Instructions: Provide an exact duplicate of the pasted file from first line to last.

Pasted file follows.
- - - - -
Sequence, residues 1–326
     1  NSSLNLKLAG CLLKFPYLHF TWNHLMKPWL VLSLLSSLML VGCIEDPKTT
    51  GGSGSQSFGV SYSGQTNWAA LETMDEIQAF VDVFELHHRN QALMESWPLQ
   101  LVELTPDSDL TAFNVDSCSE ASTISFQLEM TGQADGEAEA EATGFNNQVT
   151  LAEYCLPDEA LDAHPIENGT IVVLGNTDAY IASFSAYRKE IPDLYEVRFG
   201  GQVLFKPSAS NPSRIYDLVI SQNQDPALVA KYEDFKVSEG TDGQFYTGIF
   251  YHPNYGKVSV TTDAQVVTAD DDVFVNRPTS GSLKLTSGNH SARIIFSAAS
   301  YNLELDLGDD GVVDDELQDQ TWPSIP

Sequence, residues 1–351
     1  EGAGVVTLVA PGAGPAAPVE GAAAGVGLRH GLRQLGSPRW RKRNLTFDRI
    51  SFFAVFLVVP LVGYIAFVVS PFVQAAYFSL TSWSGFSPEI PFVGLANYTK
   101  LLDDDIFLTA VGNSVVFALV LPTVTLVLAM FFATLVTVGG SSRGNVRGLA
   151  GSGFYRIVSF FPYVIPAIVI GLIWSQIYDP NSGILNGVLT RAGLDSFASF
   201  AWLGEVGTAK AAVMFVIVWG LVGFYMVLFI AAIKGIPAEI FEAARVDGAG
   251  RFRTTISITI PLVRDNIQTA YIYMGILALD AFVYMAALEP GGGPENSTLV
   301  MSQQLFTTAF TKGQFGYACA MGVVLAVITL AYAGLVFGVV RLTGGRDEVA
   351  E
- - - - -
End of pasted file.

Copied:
Sequence, residues 1–326
     1  NSSLNLKLAG CLLKFPYLHF TWNHLMKPWL VLSLLSSLML VGCIEDPKTT
    51  GGSGSQSFGV SYSGQTNWAA LETMDEIQAF VDVFELHHRN QALMESWPLQ
   101  LVELTPDSDL TAFNVDSCSE ASTISFQLEM TGQADGEAEA EATGFNNQVT
   151  LAEYCLPDEA LDAHPIENGT IVVLGNTDAY IASFSAYRKE IPDLYEVRFG
   201  GQVLFKPSAS NPSRIYDLVI SQNQDPALVA KYEDFKVSEG TDGQFYTGIF
   251  YHPNYGKVSV TTDAQVVTAD DDVFVNRPTS GSLKLTSGNH SARIIFSAAS
   301  YNLELDLGDD GVVDDELQDQ TWPSIP

Sequence, residues 1–351
     1  EGAGVVTLVA PGAGPAAPVE GAAAGVGLRH GLRQLGSPRW RKRNLTFDRI
    51  SFFAVFLVVP LVGYIAFVVS PFVQAAYFSL TSWSGFSPEI PFVGLANYTK
   101  LLDDDIFLTA VGNSVVFALV LPTVTLVLAM FFATLVTVGG SSRGNVRGLA
   151  GSGFYRIVSF FPYVIPAIVI GLIWSQIYDP NSGILNGVLT RAGLDSFASF
   201  AWLGEVGTAK AAVMFVIVWG LVGFYMVLFI AAIKGIPAEI FEAARVDGAG
   251  RFRTTISITI PLVRDNIQTA YIYMGILALD AFVYMAALEP GGGPENSTLV
   301  MSQQLFTTAF TKGQFGYACA MGVVLAVITL AYAGLVFGVV RLTGGRDEVA
   351  E